10. Hu, K., Pan, F., & Li, X. (2015). Chinese-English Conference Interpreting: A Corpus-Based Study. Beijing: Foreign Language Teaching and Research Press.Google Scholar
  11. Hu, K., & Qing, T. (2009). Explicitation in the Chinese-English Conference Interpreting and Its Motivation: A Study Based on Parallel Corpus. Journal of PLA University of Foreign Languages, 4, 67–73.Google Scholar
  12. Hu, K., & Zhu, Y. (2008). A Corpus-Based Study of Explicitation and Its Motivation in Two Chinese Versions of Shakespeare’s Hamlet. Foreign Languages Research, 2, 72–80.Google Scholar
  13. Huang, L. (2008). Explicitation of Personal Pronoun Subjects in English-Chinese Translation: A Corpus-Based Investigation. Foreign Language Teaching and Research, 6, 454–459.Google Scholar
  14. Kruger, A. (2002). Corpus-Based Translation Research: Its Development and Implications for General, Literary and Bible Translation. Acta Theologica Supplementum, 2, 70–106.Google Scholar
  15. Langacker, R. W. (1991). Foundations of Cognitive Grammar: Theoretical Prerequisites. Stanford: Stanford University Press.Google Scholar
  16. Laviosa, S. (2002). Corpus-Based Translation Studies: Theory, Findings, Applications. Amsterdam: Rodopi.Google Scholar
  17. Li, D. (2017). Translation Cognitive Process Research: Evolution and Research Methodology. Foreign Languages in China, 4, 10–13.Google Scholar
  18. Olohan, M. (2004). Introducing Corpora in Translation Studies. London and New York: Routledge.CrossRefGoogle Scholar
  19. Sun, L. (2013). A Study of the Cognitive Processes and Teaching of Interpreting from the Perspective of Relevance Theory. Foreign Language World, 1, 79–87.Google Scholar
  20. Utka, A. (2004). Phases of Translation Corpus: Compilation and Analysis. International Journal of Corpus Linguistics, 9(2), 195–224.CrossRefGoogle Scholar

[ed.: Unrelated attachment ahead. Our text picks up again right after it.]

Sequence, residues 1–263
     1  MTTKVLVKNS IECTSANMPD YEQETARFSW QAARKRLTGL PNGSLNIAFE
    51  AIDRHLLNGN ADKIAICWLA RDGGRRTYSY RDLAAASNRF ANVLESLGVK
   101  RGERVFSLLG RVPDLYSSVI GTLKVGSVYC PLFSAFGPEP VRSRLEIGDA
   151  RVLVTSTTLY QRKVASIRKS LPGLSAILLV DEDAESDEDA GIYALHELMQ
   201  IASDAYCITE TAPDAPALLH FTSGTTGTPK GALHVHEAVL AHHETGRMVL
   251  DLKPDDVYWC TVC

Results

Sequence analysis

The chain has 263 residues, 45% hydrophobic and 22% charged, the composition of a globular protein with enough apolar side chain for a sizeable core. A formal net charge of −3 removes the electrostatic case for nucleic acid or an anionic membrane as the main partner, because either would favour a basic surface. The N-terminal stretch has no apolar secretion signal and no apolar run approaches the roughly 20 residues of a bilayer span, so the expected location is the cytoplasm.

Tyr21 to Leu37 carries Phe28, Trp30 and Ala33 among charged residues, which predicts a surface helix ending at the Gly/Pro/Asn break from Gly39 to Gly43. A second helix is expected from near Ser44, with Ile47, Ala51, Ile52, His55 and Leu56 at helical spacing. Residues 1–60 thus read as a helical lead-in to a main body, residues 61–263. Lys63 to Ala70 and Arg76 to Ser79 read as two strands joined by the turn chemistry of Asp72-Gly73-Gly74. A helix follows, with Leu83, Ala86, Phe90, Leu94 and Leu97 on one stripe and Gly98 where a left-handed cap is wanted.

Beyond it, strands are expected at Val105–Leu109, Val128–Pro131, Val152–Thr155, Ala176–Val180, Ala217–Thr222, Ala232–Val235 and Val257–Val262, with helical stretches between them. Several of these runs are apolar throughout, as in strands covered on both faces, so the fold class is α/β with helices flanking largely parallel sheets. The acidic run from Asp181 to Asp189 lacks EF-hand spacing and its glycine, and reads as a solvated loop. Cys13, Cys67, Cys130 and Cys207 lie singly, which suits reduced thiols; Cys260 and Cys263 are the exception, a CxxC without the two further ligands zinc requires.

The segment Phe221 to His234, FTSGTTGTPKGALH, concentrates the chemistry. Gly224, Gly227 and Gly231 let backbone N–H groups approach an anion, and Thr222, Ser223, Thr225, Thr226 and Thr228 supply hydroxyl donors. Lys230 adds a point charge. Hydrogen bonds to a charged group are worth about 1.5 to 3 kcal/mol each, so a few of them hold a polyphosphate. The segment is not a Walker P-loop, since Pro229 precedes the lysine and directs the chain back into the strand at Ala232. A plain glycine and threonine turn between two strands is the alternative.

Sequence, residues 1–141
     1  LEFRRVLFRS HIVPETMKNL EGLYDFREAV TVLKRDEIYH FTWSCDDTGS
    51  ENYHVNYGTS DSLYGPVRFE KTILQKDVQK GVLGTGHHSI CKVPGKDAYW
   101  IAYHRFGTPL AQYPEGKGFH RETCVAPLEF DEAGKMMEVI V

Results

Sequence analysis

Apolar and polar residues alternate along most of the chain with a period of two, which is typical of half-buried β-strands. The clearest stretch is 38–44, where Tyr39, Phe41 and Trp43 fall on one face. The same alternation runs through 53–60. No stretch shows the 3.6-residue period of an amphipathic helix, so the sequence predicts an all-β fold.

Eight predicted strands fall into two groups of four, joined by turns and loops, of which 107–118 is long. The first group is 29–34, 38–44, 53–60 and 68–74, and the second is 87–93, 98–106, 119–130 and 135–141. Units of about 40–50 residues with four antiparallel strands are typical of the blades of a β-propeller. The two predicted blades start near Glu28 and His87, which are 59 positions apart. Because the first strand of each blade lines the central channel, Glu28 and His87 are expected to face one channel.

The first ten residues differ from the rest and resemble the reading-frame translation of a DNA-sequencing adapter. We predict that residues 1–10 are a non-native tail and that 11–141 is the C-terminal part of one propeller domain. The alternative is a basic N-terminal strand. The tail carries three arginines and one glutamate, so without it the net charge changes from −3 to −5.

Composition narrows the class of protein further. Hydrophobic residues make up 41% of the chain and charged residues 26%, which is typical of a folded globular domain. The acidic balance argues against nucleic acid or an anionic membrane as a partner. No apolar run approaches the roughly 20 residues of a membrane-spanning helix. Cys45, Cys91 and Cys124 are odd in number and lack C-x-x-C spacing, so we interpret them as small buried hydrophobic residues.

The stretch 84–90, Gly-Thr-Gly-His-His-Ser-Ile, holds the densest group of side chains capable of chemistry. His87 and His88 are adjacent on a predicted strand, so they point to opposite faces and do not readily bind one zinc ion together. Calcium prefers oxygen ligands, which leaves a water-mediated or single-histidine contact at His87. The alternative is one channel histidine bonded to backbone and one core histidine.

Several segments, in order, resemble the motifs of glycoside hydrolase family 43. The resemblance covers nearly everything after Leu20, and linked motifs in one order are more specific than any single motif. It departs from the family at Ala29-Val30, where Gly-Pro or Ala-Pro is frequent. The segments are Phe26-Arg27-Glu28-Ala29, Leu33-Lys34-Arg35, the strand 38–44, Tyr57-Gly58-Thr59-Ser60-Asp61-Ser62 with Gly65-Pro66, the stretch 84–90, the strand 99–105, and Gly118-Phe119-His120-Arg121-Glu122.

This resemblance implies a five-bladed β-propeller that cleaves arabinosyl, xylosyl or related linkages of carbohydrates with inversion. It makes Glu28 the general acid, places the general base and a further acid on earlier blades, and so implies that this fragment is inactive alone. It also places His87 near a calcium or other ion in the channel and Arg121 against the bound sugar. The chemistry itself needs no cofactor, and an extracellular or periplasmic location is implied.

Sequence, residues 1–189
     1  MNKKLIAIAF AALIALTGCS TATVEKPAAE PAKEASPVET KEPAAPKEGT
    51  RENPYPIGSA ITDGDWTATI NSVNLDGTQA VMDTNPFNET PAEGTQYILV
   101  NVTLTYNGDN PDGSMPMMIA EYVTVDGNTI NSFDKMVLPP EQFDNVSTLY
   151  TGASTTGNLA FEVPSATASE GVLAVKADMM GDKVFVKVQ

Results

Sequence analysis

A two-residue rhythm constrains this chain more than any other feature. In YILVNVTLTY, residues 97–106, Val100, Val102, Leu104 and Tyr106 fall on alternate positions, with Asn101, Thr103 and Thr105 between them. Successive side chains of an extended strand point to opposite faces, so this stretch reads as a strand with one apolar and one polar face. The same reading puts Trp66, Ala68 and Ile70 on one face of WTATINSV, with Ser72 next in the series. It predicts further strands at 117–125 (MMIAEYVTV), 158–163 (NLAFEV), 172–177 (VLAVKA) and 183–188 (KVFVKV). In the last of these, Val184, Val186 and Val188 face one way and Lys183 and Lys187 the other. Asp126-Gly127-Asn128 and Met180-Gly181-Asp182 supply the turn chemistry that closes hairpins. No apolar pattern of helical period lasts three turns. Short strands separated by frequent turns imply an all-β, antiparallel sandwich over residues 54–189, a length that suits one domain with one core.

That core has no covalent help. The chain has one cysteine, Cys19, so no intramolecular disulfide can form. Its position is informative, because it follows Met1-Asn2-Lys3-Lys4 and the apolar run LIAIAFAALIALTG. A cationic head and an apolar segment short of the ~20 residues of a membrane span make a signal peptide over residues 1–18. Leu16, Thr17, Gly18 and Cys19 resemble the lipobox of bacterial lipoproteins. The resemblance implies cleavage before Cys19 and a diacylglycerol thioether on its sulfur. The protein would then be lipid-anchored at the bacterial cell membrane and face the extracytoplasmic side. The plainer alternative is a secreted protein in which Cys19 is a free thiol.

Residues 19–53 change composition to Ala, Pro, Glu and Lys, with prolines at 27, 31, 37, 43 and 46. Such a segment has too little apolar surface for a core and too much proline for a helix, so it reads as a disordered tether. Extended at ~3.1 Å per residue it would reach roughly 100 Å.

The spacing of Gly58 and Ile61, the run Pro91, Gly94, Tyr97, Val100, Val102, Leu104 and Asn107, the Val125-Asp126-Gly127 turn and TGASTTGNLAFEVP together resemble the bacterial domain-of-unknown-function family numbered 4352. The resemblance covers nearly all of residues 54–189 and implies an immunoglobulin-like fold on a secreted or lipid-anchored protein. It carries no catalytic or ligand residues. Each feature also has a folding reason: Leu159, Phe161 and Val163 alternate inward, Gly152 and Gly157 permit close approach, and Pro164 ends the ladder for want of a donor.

21. Wang, K. (2004). Bilingual Parallel Corpus: Research and Application. Beijing: Foreign Language Teaching and Research Press.Google Scholar
  22. Wang, K. (2011). Exploring Corpus-Based Translation Studies. Shanghai: Shanghai Jiao Tong University Press.Google Scholar
  23. Wang, Y. (2012). Cognitive Translatology. Chinese Translators Journal, 4, 17–23.Google Scholar
  24. Winters, M. A. (2005). Corpus-Based Study of Translator’s Style: Oeser’s and Orth-Guttmann’s German Translations of F. Scott Fitzgerald’s The Beautiful and Damned (Doctoral dissertation). Dublin City University.Google Scholar
  25. Xu, M. (2007). Research on the Psychology of Interpreting Cognition Studies. Journal of Tianjin Foreign Studies University, 6, 69–73.Google Scholar
  26. Zhang, W. (2011). Interpreting Cognition Studies: Simultaneous Interpretation and Working Memory. Beijing: Foreign Language Teaching and Research Press.Google Scholar

Copyright information

© The Author(s) 2020

Authors and Affiliations

  • Kaibao Hu
    • 1
  1. 1.Institute of Corpus Studies and ApplicationsShanghai International Studies UniversityShanghaiChina

Personalised recommendations